Chesterton Tribune

Back-to-Back Champs: CHS boys and girls win second straight DAC All Sports titles

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It’s always hard to climb to the top of the mountain, but it’s even harder to stay there.

But, the Chesterton Trojans found a way to do it as they picked up their second consecutive Duneland Athletic Conference All-Sports Trophy during the 2007-08 campaign.

The boys outdistanced Crown Point (28.5-31) for top honors on the strength of conference titles in Basketball, Swimming and Golf. The girls edged Lake Central (31.5-32) on the strength of league titles in Volleyball and Swimming.

“It’s a compliment to our coaching staff, our athletes and our community,” Chesterton Athletic Director Garry Nallenweg said. “We’re thrilled to once again be the Duneland Conference All-Sports champions.”

The All-Sports Awards take into account all 10 sports sponsored within the conference for boys and girls.

Points are awarded to schools based on their finish in the league standings. One point is awarded for first, two for second, three for third, etc … and the school that accumulates the fewest points is the winner.

“This speaks volumes to what goes on in our school district,” CHS Principal Jim Goetz said. “It starts at the top with our Athletic Director (Garry Nallenweg). He’s simply the best. I’d put him up against anybody at any school.”

Longtime CHS Swimming & Diving Coach Kevin Kinel agreed.

“You have to give Garry a ton of credit,” Kinel said. “Last year it was a real big deal. Those of us that have been around a while know hard it is to get everybody to that level. Garry’s done that, everybody is the same in his eyes.

“For the school, it’s a real big thing. To do it two years in a row is really impressive.”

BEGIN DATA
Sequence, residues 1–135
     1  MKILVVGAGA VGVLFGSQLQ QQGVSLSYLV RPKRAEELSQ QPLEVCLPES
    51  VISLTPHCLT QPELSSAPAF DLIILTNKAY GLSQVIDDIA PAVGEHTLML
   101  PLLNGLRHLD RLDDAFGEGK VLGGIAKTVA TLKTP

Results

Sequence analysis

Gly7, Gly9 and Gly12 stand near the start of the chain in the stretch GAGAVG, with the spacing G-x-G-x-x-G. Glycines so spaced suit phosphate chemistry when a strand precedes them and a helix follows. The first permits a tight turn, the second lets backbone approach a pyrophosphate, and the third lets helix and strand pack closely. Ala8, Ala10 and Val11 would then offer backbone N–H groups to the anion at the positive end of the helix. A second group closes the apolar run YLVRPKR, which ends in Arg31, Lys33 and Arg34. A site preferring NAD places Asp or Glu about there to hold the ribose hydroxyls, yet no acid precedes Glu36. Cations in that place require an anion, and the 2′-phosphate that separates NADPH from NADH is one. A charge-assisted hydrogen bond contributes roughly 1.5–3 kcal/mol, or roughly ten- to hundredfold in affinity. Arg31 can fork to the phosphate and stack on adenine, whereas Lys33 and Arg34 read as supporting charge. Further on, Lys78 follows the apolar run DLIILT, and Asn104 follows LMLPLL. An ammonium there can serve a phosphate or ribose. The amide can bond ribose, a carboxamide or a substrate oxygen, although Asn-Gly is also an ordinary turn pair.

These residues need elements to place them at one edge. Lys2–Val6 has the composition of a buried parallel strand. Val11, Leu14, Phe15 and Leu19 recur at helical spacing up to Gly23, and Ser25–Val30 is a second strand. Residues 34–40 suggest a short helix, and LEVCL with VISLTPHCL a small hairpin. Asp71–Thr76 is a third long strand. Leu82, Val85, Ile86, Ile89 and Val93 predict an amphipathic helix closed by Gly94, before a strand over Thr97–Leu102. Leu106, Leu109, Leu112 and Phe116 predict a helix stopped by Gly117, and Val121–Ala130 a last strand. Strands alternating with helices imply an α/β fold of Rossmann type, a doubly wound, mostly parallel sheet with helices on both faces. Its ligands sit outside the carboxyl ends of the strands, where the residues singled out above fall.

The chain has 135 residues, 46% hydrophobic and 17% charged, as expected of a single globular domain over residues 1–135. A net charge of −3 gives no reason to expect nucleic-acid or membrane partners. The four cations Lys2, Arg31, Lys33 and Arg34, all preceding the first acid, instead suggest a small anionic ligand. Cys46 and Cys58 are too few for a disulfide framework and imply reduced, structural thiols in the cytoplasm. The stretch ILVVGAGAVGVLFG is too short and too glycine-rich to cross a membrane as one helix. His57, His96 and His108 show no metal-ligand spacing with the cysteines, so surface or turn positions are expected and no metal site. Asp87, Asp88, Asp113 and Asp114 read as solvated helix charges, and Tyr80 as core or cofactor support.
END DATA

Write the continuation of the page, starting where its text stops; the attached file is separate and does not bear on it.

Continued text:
Nallenweg was quick to deflect attention though.

“I’ve said at every athletic awards program we’ve had, I’ll put our coaching staff up against any in the conference, Northwest Indiana or the State,” Nallenweg said. “We’ve got a good group of coaches that are very knowledgeable and dedicated. We encourage our coaches to go to clinics and conferences to better themselves.

“We support them financially the best we can. I don’t want them to feel like they can’t be successful because they don’t have something.”

On the boys side, the Trojans trailed archrival Valparaiso 10.5-12.5 at the end of the fall season, while the girls trailed Lake Central 6.5-14.5.

“If you look at it on paper, we probably shouldn’t have won it,” Goetz said. “We won some conference titles, but how well did we do in everything across the board? That’s the sign of a successful athletic department.”

“It’s not something that we set out to win and or talk about at the beginning of the year in our coaches meeting,” Nallenweg said. “We want our teams to be competitive and the All-Sports Award will take care of itself.”

A big winter sports season for the Trojans put them on top in both the boys and girls standings. The boys held a 16.5-22 lead over Crown Point, while the girls held a slim 22-23 lead over Lake Central.